During a recording session on Saturday, I kept hearing tuning issues between the acoustic guitar and the keyboard. The keyboard player was using a Wurlitzer patch and I thought that the patch might have been using a de-tuning effect.
After several recording passes, it was very clear to me that we still had tuning issues. We finally discovered the mystery: the acoustic guitar player had inadvertently recalibrated his tuner to A444 instead of A440.
I was asked a question about the history of A440 as a reference standard for tuning instruments. And here is what I discovered.
From the 17th century forward the reference note A has ranged from a low of 373.7Hz to a high of 457.6Hz. The differences can be loosely described this way: a lower tuning results in a darker sound, while a brighter timbre is attributed to a higher tuning. In 1936 the American National Standards Institute adopted 440Hz. In 1939 A440 was adopted internationally and it has remained the standard since then.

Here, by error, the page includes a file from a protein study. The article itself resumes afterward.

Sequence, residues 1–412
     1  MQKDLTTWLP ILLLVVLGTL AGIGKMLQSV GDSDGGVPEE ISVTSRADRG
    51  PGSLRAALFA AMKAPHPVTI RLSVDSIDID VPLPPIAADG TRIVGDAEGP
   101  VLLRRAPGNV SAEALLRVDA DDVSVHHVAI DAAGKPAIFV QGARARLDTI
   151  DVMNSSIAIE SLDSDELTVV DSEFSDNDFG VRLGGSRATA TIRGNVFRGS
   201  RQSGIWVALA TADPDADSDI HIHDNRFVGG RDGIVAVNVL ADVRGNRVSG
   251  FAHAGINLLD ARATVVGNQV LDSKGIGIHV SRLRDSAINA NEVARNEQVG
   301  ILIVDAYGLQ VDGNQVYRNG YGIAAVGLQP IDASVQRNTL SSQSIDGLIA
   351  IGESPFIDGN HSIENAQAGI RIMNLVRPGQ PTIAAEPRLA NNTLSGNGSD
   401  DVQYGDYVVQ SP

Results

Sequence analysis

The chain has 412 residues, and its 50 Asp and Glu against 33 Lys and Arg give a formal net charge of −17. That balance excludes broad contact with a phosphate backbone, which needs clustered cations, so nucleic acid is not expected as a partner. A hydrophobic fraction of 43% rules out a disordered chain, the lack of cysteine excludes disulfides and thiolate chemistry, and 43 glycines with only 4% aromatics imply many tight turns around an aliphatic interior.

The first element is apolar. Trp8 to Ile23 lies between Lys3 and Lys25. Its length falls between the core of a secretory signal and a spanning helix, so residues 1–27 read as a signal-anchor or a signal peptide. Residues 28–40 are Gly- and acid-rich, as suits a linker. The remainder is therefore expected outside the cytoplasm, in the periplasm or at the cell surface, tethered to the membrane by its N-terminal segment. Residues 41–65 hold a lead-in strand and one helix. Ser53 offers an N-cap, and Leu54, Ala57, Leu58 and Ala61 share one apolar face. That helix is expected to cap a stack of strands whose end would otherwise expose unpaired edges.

Some pitch standards have risen a little, particularly in Eastern European countries, in which pianos are often tuned to A444 or even a bit higher. Some concert halls in the UK and European countries have two pianos on site, one tuned to A440 and one tuned to A444. This satisfies the desires of performers and keeps the pianos stable.
That solved a few mysteries to me including the reason for having A444 on a tuner.